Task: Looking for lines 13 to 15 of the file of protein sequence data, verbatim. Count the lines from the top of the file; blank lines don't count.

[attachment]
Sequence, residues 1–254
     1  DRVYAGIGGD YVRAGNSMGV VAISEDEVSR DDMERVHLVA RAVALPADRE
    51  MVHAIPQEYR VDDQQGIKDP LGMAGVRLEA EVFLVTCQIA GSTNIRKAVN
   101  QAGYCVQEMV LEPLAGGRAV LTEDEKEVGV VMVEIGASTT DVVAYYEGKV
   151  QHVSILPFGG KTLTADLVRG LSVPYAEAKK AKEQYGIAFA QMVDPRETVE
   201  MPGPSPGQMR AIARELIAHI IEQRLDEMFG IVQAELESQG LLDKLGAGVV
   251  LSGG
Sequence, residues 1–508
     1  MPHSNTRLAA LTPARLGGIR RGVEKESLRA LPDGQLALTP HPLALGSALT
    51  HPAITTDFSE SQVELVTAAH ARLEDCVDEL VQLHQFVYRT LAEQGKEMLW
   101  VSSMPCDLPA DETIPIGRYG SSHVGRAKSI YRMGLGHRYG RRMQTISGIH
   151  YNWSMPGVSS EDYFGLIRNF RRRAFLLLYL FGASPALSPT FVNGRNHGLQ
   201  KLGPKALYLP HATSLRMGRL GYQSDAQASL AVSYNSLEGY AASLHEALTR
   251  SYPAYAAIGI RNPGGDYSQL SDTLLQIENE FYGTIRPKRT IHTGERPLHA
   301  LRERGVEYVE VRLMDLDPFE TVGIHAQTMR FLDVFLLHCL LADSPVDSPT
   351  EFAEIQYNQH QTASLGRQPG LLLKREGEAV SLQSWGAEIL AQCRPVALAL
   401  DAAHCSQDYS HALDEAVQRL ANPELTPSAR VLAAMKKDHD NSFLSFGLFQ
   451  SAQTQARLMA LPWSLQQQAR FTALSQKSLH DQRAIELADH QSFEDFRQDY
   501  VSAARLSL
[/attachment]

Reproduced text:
   201  KLGPKALYLP HATSLRMGRL GYQSDAQASL AVSYNSLEGY AASLHEALTR
   251  SYPAYAAIGI RNPGGDYSQL SDTLLQIENE FYGTIRPKRT IHTGERPLHA
   301  LRERGVEYVE VRLMDLDPFE TVGIHAQTMR FLDVFLLHCL LADSPVDSPT